Diffusion of the dissolved species from the interface into the bulk of the liquid

Solution

= pollutant molecule

= pollutant captured in solution

Absorption equilibria

is the species in dissolved state

Henry’s Law

is the Henry’s Law constant

slide7

Aqueous phase sulfur dioxide/water chemical equilibria

Absorption of SO2 in water results in

(1)

The equilibrium constants for which are

The electroneutrality relation reads

(2)

slide8

Huckaby & Ray (1989)

Using the electroneutrality equation (11) and expressions for equilibrium constants (10) we obtain

(3)

where

is total dissolved sulfur in solution.

slide9

Gaseous phase

Z

Gas-liquid interface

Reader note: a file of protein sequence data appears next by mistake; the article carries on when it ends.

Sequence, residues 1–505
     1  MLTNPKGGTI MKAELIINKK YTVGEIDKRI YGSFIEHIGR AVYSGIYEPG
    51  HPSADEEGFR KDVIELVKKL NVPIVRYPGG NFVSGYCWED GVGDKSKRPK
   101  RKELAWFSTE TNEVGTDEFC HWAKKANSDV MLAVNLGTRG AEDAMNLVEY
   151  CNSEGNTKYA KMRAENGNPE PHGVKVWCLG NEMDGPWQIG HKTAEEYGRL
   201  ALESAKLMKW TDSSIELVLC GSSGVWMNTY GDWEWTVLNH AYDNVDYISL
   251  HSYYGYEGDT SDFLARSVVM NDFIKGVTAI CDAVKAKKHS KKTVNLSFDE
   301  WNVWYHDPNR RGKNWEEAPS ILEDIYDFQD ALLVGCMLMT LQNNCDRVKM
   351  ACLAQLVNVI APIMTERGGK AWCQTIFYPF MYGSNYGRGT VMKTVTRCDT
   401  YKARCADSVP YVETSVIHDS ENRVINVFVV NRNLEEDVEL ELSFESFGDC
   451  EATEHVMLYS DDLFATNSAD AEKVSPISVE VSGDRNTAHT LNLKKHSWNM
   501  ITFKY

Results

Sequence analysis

q

R

Far field

Droplet

Y

j

X

Gas absorption by stagnant droplet

Description of the model

Governing equations

1. gaseous phase r > R (t)

(4)

(5)

(6)

2. liquid phase 0 < r < R (t)

(7)

(8)

In Eqs. (5)

slide10

anelastic approximation:

  • subsonic flow velocities (low Mach number approximation, M << 1)

(9)

(10)

In spherical coordinates Eq. (9) reads:

The radial flow velocity can be obtained by integrating equation (10):

(11)

(12)

slide11

Stefan velocity and droplet vaporization rate

The continuity condition for the radial flux of the absorbate at the droplet surface reads:

(13)

Other non-solvable components of the inert admixtures are not absorbed in the liquid

(14)

Taking into account this condition and using Eq. (10) we can obtain the expression for Stefan velocity:

(15)

where subscript “1” denotes water vapor species

slide12

Stefan velocity and droplet vaporization rate

The material balance at the gas-liquid interface yields: